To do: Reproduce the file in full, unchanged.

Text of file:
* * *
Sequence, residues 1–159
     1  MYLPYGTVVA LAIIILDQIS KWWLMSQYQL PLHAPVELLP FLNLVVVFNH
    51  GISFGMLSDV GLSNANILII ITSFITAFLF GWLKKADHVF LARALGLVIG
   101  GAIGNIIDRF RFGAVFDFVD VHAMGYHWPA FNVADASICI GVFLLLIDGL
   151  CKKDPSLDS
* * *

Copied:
Sequence, residues 1–159
     1  MYLPYGTVVA LAIIILDQIS KWWLMSQYQL PLHAPVELLP FLNLVVVFNH
    51  GISFGMLSDV GLSNANILII ITSFITAFLF GWLKKADHVF LARALGLVIG
   101  GAIGNIIDRF RFGAVFDFVD VHAMGYHWPA FNVADASICI GVFLLLIDGL
   151  CKKDPSLDS